The increase of dobutamine infusion rates from 10 to 20 micrograms/kg/minute usually results in further increases in cardiac output.
Pharmacokinetics: Adult population: Absorption: Orally administered dobutamine is rapidly metabolised in the GI tract. Following IV administration, the onset of action of dobutamine occurs within 2 minutes. Peak plasma concentrations of the drug and peak effects occur within 10 minutes after initiation of an IV infusion. The effects of the drug cease shortly after discontinuing an infusion.
Distribution: It is not known if dobutamine crosses the placenta or is distributed into milk.
Elimination: The plasma half-life of dobutamine is about 2 minutes. Dobutamine is metabolised in the liver and other tissues by cathecol-o-methyltransferase to an inactive compound, 3-0-methyldobutamine and by conjugation with glucuronic acid. Conjugates of dobutamine and 3-0-methyldobutamine are excreted mainly in urine and to a minor extent in faeces.
Paediatric population: In most paediatric patients, there is a log-linear relationship between plasma dobutamine concentration and hemodynamic response that is consistent with a threshold model.
Dobutamine clearance is consistent with first-order kinetics over the dosage range of 0.5 to 20 micrograms/kg/minute. Plasma dobutamine concentration can vary as much as two-fold between paediatric patients at the same infusion rate and there is a wide variability in both the plasma dobutamine concentration necessary to initiate a hemodynamic response and the rate of hemodynamic response to increasing plasma concentrations. Therefore, in clinical situations dobutamine infusion rates must be individually titrated.
Adult population: Dobutamine is indicated in adults who require inotropic support in the treatment of low output cardiac failure associated with myocardial infarction, open heart surgery, cardiomyopathies, septic shock and cardiogenic shock. Dobutamine can also increase or maintain cardiac output during positive end expiratory pressure (PEEP) ventilation.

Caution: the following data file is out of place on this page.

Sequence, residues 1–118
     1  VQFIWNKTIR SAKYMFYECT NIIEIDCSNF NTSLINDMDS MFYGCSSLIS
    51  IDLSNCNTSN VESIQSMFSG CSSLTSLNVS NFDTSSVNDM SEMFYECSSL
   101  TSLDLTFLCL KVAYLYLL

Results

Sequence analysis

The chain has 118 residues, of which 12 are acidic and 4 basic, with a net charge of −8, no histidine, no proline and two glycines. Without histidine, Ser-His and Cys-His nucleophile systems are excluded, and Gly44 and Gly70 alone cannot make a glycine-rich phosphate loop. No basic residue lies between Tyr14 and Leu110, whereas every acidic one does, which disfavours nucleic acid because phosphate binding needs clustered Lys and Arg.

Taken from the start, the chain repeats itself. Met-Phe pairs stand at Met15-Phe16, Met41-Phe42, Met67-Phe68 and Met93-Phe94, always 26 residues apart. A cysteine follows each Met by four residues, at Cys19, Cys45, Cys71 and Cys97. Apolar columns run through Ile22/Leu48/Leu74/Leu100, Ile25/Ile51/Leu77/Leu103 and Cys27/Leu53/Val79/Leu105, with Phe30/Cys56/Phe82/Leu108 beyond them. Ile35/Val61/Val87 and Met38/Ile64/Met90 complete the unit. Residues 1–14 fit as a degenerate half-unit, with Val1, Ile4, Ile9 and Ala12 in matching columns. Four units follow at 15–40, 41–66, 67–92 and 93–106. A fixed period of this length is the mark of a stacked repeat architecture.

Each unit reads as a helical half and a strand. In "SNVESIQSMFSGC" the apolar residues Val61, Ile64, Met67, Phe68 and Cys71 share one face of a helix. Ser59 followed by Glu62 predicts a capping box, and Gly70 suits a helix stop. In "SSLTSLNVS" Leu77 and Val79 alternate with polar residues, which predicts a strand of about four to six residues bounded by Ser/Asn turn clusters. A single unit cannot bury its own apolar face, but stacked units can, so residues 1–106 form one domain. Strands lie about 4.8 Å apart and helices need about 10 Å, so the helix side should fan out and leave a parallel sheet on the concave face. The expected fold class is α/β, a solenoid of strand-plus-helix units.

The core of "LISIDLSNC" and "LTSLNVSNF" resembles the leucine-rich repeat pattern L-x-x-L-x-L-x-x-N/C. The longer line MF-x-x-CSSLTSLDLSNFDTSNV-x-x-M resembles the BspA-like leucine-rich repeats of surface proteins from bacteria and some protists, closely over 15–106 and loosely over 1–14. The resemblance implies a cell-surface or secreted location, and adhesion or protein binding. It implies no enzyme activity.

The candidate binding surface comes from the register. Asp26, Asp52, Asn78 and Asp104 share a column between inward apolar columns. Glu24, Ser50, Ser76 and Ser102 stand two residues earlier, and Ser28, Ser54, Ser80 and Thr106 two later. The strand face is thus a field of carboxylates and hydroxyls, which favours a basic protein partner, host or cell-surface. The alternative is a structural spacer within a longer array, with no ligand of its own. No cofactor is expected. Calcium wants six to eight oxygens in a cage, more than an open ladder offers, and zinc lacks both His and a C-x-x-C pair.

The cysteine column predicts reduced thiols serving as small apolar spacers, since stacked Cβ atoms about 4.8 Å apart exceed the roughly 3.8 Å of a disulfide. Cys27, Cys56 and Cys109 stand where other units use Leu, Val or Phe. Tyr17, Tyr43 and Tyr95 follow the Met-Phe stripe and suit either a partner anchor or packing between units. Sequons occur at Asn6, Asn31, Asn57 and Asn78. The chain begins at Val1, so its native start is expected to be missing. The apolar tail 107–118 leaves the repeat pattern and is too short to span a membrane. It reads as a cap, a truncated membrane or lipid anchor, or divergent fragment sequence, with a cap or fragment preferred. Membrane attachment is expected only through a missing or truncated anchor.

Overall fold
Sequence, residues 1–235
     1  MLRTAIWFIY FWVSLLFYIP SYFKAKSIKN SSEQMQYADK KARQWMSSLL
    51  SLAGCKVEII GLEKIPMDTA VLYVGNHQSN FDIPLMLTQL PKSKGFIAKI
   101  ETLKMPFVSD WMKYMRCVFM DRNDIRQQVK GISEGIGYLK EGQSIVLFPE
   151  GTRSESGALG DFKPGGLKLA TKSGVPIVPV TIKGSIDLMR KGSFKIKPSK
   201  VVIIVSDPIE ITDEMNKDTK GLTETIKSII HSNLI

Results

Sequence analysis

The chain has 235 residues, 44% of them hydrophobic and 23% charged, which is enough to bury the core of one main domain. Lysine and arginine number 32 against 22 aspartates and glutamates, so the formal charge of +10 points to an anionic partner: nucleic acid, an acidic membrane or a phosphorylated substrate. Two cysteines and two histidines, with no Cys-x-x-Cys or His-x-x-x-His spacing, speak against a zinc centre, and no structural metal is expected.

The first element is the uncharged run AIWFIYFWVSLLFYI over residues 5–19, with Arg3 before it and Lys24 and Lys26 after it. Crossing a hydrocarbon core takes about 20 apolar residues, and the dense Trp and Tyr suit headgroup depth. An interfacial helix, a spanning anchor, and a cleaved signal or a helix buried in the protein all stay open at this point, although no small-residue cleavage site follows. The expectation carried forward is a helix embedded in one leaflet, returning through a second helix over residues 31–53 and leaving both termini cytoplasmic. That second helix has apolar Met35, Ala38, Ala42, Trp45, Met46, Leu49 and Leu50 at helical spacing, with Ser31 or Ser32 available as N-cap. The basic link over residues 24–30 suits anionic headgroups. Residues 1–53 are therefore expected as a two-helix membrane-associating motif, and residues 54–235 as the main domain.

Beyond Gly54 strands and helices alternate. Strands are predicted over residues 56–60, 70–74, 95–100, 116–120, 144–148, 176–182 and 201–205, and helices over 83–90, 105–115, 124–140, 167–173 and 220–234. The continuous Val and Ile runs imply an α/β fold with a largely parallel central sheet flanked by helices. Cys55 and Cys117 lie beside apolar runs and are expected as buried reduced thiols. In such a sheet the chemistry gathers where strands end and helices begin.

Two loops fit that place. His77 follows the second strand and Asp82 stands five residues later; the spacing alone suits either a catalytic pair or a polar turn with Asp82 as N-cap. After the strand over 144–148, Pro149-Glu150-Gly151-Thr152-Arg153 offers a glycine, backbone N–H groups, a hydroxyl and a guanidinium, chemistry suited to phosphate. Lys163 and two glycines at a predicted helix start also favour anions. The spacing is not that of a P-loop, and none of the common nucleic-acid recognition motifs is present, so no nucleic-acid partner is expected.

Dobutamine stress echocardiography (Adult population only): May also be used for cardiac stress testing as an alternative to exercise in patients for whom routine exercise cannot be satisfactorily performed. This use of dobutamine should only be undertaken in units which already perform exercise stress testing and all normal care and precautions required for such testing are also required when using dobutamine for this purpose.
Paediatric population: Indicated in all paediatric age groups (from neonates to 18 years of age) as inotropic support in low cardiac output hypoperfusion states resulting from decompensated heart failure, following cardiac surgery cardiomyopathies and in cardiogenic or septic shock.
Adult population: Dobutamine must be diluted to at least 50 mL prior to administration in an I.V. container with one of the intravenous solutions listed as follows: 0.9% Sodium Chloride Injection, 5% Dextrose Injection, 5% Dextrose + 0.9% Sodium Chloride Injection; 5% Dextrose + 0.45% Sodium Chloride Intravenous Infusion BP, Sodium Lactate Intravenous Infusion BP.